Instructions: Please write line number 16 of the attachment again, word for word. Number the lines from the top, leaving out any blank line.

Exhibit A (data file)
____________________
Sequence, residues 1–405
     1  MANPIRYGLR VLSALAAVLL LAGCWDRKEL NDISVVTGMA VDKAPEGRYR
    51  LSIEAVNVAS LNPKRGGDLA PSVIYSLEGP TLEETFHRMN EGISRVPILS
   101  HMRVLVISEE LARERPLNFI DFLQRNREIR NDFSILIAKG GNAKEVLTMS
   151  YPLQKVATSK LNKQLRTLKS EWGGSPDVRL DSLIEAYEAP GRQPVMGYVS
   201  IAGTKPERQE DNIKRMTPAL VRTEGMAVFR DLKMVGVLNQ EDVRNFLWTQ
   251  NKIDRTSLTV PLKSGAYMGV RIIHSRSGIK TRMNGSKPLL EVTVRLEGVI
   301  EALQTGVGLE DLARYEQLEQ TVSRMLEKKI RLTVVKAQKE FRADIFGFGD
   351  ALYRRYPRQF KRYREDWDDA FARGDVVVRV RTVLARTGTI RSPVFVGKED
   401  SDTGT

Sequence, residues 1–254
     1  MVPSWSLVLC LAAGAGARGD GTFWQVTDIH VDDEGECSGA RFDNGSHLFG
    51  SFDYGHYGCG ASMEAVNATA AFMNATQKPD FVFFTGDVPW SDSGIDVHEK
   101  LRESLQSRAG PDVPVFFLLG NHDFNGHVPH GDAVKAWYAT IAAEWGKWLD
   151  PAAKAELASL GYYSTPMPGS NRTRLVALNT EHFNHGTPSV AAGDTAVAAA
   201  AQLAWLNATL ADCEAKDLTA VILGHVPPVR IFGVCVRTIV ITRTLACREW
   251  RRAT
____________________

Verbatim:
   201  AQLAWLNATL ADCEAKDLTA VILGHVPPVR IFGVCVRTIV ITRTLACREW